The Federal Government, on Thursday, said no fewer than 10 states and the Federal Capital Territory, Abuja, had either experienced various degrees of flooding or recorded casualties as rains intensified.

The Minister of Water Resources and Sanitation, Prof Joseph Utsev, who dropped the red alert during a press briefing in Abuja, warned that 21 more states might suffer flooding.

He stated this against the background of the Wednesday downpour which grounded business and commercial activities in Lagos and Ogun states.

The resulting flooding brought down a two-storey building in the Mushin area of Lagos and overwhelmed residents while pupils could not attend schools in parts of the state.

Utsev explained that the Annual Flood Outlook by the Nigeria Hydrological Services Agency released in April had predicted that 148 local government areas in 31 states fell within the high flood risk areas.

The affected states include Adamawa, Akwa  Ibom, Anambra, Bauchi, Bayelsa, Benue, Borno, Cross River, Delta, Ebonyi, Edo, Imo, Jigawa, Kaduna, Kano, Katsina and Kebbi.

Others are Kogi, Kwara, Lagos, Nasarawa, Niger, Ogun, Ondo, Osun, Oyo, Plateau, Rivers, Sokoto, Taraba and Yobe.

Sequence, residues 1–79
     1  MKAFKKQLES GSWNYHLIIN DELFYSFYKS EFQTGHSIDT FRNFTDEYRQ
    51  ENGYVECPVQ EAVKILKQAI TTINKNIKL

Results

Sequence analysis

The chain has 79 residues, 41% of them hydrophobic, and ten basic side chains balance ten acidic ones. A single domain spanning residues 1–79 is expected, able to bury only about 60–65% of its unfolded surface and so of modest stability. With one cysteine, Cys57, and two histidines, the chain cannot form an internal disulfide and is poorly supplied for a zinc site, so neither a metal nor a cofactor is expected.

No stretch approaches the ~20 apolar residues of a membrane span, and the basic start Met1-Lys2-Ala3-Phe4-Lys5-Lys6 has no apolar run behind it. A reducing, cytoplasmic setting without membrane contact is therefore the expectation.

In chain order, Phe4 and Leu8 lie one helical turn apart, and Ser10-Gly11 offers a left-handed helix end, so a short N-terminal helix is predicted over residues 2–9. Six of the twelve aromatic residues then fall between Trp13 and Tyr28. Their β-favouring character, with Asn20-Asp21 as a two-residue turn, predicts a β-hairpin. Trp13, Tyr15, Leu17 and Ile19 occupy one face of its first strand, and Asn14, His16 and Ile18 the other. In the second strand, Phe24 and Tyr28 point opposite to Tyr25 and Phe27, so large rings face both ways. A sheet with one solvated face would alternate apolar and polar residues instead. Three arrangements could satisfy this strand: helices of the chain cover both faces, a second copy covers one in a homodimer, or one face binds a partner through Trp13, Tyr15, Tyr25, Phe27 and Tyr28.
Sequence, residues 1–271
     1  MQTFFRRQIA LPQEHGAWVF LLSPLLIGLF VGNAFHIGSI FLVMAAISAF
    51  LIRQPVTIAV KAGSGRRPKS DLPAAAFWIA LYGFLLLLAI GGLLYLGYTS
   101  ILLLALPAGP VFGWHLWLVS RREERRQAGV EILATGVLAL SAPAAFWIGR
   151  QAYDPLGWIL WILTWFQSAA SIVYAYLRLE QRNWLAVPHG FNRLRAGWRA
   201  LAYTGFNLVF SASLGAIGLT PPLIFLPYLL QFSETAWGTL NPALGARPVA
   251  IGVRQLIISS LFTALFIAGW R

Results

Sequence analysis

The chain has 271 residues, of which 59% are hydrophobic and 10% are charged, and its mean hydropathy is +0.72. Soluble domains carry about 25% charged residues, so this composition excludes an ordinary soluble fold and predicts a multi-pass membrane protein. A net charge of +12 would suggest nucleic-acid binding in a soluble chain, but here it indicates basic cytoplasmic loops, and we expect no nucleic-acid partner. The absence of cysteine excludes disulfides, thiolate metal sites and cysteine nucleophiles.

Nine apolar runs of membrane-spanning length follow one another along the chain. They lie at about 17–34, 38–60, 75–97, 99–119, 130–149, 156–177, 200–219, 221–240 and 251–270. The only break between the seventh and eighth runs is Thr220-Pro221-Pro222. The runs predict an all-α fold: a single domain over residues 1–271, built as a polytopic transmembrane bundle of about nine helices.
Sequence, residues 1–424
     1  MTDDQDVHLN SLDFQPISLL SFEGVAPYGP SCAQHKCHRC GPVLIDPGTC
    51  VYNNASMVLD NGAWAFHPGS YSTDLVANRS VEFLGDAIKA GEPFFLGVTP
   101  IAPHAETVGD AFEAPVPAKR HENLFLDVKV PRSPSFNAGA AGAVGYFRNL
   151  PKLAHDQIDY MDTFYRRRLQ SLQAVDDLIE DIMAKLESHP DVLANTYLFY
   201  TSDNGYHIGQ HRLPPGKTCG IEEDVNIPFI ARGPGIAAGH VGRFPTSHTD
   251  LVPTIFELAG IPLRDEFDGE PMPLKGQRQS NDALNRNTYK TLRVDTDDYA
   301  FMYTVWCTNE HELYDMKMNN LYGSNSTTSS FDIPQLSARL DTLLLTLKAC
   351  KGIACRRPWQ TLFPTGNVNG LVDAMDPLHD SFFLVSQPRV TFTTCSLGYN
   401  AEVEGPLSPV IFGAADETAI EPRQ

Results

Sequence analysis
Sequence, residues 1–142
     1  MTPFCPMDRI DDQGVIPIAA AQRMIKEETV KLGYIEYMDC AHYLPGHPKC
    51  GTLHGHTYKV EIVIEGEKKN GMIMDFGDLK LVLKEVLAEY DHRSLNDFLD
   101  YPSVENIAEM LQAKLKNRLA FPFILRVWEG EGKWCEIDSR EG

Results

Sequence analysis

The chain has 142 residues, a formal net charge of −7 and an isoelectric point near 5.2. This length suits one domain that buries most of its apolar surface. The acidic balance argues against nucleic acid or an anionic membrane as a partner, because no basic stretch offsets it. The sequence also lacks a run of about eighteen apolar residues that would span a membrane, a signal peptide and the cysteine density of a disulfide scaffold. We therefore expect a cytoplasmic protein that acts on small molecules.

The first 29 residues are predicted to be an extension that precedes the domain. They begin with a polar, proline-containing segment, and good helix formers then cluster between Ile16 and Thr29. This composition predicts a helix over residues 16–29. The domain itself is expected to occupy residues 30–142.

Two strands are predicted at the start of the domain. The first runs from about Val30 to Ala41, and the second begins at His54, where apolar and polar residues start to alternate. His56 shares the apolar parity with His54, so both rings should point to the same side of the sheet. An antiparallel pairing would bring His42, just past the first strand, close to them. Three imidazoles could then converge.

Cholera may spread

The minister warned that cholera might spread further in Nigeria due to the flooding.

He further stated that river flooding would begin this month, and would hit Ondo, Kaduna, Anambra, Benue, Adamawa and 12 other states.

According to him, out of the 31 states where the Annual Flood Outlook predicted would experience flooding, the incident had occurred in 10.

Providing a national update on flooding, Utsev said, “It should be noted that some states have started experiencing varying levels of flooding and its associated disasters as early as April this year.

“So far, more than 10 states of the federation and the FCT have experienced one degree of flooding or the other with several casualties recorded including displacement of people and loss of property.

“For example, the torrential downpour in the early hours of June 24, 2024, in the FCT resulted in flooding of Trade More Estate in Lugbe where two deaths were reported and several houses submerged.’’